Not yet a year into his first U.S. Senate term but eyeballing the Oval Office, Sen. Barack Obama in 2005 found himself with a rare opportunity: to weigh in on the nomination of a chief justice of the Supreme Court. It was a national moment, one that had occurred just 10 times since the year 1900, the most recent when Obama was only 15 years old.
It was also Obama's first chance to reveal his views on the high court's role. And, as he had with his speech at the 2004 Democratic National Convention, Obama made an audacious debut: "There is absolutely no doubt in my mind Judge [John] Roberts is qualified to sit on the highest court in the land," Obama said. "Moreover, he seems to have the comportment and the temperament that makes for a good judge. He is humble, he is personally decent, and he appears to be respectful of different points of view."
Roberts, who then sat on the D.C. Court of Appeals, had demonstrated "adherence to precedence," Obama said, "a certain modesty in reading statutes and constitutional text, a respect for procedural regularity, and an impartiality in presiding over the adversarial system."
And that was the problem.
In 95 percent of cases, Obama said, a conservative justice like Antonin Scalia and one like Ruth Bader Ginsburg, a liberal, would use "adherence to legal precedent and rules of statutory or constitutional construction" and arrive at the same verdict. In the other 5 percent, following case law and the Constitution would only get a justice so far, according to Obama.
It is no exaggeration to say that on judicial philosophy, Obama and his Republican presidential rival, John McCain, are like North and South Poles-as far apart as you can get.
McCain, a strict constitutional constructionist, believes the "role of judges is not to impose their own view as to the best policy choices for society but to faithfully and accurately determine the policy choices already made by the people and embodied in the law," his campaign website reads.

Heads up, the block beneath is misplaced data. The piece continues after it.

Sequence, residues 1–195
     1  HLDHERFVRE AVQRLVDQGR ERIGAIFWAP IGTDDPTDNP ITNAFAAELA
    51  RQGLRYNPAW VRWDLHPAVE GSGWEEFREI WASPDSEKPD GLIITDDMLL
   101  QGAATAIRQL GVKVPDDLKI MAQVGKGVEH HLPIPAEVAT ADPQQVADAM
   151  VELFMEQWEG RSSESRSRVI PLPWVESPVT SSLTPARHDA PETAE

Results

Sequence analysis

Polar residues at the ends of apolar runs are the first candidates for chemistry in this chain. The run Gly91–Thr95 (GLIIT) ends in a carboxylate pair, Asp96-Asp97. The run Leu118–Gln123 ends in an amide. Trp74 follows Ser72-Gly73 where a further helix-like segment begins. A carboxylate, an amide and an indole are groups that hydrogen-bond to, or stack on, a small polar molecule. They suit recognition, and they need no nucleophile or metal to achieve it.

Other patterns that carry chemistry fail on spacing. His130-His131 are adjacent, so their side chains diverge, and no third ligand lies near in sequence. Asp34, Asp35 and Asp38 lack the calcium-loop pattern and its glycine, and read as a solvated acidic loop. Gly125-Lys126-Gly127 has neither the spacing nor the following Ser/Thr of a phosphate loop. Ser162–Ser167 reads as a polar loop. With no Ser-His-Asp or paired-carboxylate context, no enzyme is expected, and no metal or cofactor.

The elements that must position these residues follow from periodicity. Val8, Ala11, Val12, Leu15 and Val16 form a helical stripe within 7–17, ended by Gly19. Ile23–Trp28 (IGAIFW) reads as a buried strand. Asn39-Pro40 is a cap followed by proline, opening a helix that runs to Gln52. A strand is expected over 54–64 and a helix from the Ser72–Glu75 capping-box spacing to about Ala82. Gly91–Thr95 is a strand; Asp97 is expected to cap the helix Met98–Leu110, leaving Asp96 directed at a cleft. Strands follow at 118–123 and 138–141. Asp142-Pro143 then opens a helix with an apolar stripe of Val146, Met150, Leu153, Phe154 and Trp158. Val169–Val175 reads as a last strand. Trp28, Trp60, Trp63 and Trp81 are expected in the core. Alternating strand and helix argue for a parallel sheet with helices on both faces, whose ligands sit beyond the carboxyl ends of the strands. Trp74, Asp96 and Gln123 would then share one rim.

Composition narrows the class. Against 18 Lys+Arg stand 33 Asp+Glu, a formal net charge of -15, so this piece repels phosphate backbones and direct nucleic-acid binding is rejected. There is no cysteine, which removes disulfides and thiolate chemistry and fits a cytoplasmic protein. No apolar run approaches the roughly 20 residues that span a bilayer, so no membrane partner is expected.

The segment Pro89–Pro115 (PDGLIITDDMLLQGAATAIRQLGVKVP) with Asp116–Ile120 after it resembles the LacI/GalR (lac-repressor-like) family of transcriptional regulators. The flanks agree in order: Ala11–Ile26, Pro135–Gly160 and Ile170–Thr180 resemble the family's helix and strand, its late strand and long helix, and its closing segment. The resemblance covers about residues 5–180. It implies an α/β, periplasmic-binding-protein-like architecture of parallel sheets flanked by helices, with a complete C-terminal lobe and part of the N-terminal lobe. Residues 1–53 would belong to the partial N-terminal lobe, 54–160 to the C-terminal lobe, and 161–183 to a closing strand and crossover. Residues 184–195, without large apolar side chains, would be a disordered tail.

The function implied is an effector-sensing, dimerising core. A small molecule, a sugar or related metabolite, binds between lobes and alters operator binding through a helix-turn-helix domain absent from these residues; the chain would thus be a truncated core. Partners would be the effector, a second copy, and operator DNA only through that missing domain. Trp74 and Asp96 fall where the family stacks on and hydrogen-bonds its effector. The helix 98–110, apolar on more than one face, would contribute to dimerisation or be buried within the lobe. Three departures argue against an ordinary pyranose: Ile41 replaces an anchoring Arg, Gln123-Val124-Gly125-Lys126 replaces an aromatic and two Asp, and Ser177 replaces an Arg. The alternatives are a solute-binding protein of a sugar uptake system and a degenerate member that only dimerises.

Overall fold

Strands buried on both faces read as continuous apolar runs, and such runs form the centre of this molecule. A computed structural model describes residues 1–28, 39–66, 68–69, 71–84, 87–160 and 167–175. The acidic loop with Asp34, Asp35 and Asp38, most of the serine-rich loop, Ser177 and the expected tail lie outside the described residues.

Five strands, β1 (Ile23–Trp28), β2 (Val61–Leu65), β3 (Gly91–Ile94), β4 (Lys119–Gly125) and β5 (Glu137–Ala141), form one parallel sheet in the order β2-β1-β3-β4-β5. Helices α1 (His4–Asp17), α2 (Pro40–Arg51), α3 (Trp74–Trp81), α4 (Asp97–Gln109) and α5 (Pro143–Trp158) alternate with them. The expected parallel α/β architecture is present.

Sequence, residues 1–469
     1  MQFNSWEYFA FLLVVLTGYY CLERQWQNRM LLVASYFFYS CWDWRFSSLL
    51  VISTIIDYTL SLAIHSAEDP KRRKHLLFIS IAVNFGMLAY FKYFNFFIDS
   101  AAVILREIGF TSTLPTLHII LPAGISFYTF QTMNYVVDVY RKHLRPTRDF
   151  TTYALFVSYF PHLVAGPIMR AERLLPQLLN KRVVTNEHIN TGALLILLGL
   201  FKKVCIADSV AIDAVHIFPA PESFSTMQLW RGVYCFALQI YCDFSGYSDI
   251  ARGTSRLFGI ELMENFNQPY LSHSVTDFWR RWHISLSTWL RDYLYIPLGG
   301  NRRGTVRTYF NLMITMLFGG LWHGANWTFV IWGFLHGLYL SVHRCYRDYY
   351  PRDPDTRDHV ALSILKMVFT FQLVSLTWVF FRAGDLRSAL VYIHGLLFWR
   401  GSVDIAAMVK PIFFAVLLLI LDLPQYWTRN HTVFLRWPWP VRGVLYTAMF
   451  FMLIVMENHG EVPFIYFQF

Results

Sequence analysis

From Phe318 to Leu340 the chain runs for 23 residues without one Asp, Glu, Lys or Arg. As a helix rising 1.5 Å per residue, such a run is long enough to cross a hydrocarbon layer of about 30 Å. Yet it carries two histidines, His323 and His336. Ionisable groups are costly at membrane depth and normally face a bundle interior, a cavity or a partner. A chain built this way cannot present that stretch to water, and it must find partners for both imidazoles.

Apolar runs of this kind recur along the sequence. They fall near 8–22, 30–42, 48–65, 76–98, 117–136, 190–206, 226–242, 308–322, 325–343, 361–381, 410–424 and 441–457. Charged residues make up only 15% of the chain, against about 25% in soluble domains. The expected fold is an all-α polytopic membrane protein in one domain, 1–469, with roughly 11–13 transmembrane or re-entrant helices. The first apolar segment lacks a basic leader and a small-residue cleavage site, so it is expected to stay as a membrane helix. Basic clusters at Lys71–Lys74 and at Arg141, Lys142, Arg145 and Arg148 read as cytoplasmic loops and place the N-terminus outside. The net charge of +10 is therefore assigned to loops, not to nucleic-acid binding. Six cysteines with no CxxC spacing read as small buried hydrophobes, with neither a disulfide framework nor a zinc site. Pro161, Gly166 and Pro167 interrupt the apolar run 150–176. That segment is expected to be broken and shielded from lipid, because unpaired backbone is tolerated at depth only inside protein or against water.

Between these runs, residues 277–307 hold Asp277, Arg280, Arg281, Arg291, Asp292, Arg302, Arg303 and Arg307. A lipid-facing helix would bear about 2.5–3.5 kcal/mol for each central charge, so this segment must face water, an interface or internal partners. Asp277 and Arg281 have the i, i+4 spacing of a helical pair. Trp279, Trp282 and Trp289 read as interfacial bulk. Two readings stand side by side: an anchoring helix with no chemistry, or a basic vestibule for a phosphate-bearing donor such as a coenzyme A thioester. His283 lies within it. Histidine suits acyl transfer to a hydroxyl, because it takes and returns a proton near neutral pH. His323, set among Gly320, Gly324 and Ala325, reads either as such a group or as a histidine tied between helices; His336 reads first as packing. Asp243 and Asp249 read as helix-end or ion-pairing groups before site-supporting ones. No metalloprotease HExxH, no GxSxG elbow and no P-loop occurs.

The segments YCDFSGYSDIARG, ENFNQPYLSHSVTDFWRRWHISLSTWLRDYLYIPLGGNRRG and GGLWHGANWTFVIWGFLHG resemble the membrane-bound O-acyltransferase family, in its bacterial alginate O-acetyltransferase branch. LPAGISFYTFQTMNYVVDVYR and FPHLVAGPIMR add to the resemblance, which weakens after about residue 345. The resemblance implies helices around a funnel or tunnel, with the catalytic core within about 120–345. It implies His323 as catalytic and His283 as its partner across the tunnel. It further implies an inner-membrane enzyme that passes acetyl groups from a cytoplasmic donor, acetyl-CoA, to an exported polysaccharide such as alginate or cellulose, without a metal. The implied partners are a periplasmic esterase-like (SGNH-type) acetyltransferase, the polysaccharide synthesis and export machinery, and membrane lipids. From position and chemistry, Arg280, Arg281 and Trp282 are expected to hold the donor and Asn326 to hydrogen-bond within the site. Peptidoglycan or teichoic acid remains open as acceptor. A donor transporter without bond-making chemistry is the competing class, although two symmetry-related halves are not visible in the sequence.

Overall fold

Obama believes the polar opposite. "What matters on the Supreme Court is those 5 percent of cases that are truly difficult," Obama said in his statement on the Roberts nomination. "In those cases, adherence to precedent and rules of construction and interpretation will only get you through the 25th mile of the marathon. That last mile can only be determined on the basis of one's deepest values, one's core concerns, one's broader perspectives on how the world works, and the depth and breadth of one's empathy."
The Democratic candidate's view of justice "completely displaces the dispassionate model, in which judges take an oath not to have any partiality, no matter the status of the litigant," said Wendy Long, legal counsel to the conservative Judicial Confirmation Network. "Obama is saying Lady Justice should rip off her blindfold and show 'empathy' for certain kinds of litigants before the court. That's the opposite of the American ideal of impartial justice."
Northwestern University law professor Steve Calabresi agrees: "It's a completely political vision of judging."
Also political has been Obama's record on judicial confirmation: In September 2005, he joined only 22 other senators, all Democrats, in voting against the confirmation of John Roberts. He led the charge in opposing the 5th U.S. Circuit Court of Appeals nomination of Judge Leslie Southwick, a moderate, widely praised jurist and Iraq War veteran. He opposed the nomination of Supreme Court Justice Samuel Alito, and other Bush nominees whom the American Bar Association found "well-qualified."
By contrast, McCain voted to confirm Clinton Supreme Court nominees Stephen Breyer and Ruth Bader Ginsberg. "Why?" McCain said in a May 2008 speech at Wake Forest University in North Carolina. "For the simple reason that the nominees were qualified, and it would have been petty, and partisan, and disingenuous to insist otherwise. Those nominees represented the considered judgment of the president of the United States. And under our Constitution, it is the president's call to make."